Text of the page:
Fisheries minister Bernhard Esau has slammed claims that the recently-adopted Marine Resources Amendment Bill gives him more powers in the allocation of fishing rights.
The new law gives him the power to identify entities diligently contributing to “governmental objectives, policies and strategies” so that such entities may be incentivized with special quotas aimed at cementing initiatives that positively contribute to governmental objectives, something that was not possible in the past.
“That [more power] is a non-starter because it is not the case. Fishing rights were given left and right before, but now that I am [in charge] it is a problem. Why only now?” asked Esau during an exclusive interview with New Era last week Thursday.
Critics claim that Esau’s links in the private sector, if any, should from now on be closely monitored to avoid any possible conflict of interest.
“I am the minister therefore I must give rights and quotas supported by my colleagues in the ministry. Nothing is being done outside the law,” he said.
According to Esau, the new law merely “empowers me to perform my duties”.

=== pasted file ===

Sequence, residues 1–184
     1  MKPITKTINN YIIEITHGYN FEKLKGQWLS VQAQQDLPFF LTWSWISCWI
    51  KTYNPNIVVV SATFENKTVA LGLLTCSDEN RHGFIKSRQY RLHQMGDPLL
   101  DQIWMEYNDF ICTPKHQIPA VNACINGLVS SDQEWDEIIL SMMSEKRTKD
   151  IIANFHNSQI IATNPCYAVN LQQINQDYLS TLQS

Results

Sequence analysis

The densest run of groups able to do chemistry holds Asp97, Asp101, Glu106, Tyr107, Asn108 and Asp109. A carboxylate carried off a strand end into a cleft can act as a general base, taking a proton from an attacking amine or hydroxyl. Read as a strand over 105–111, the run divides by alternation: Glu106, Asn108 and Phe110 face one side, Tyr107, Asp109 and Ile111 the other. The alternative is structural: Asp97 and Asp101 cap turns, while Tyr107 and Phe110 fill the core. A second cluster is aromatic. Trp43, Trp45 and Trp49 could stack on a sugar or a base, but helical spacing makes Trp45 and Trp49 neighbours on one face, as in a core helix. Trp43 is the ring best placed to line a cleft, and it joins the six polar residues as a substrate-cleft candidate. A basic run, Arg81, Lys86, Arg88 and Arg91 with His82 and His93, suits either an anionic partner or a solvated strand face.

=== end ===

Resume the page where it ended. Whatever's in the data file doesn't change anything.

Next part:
While motivating the Bill in the National Assembly, Esau said: “Amendment to the Act is required to allow the minister, in consultation with Cabinet, some scope particularly with regard to abnormal situations that warrant government intervention.”
“There is also a need to make it possible for the state to respond to the urgent needs of its citizenry in distress, for example due to flood or drought. The government has to be in a position to meet such needs in the form of fish for food if we are able to keep a part of the set TAC [total allowable catch] in reserve for natural calamities that might be unforeseen,” he said.
There are currently 338 right holders in the fishing industry in which over 13 000 people are employed.
New Era last week reported that parliament is amending laws pertaining to the fisheries sector, which many hope will end the dominance of the industry by a few Namibians and limit the sale of fishing quotas by locals to foreigners.
Despite attempts to empower local people, the sale of fishing quotas to foreign multinationals is hampering the government’s empowerment drive, to the extent that a huge chunk of fisheries is in the hands of international companies and a largely exclusive group made up of a few of the elite.
Esau told fellow MPs last Tuesday that he was not happy with the sale of fishing rights to foreigners. Neither was he satisfied with the continued dominance of the sector by the elite, saying the rights should have a broad-based impact whereby the youth, elderly and women also benefit.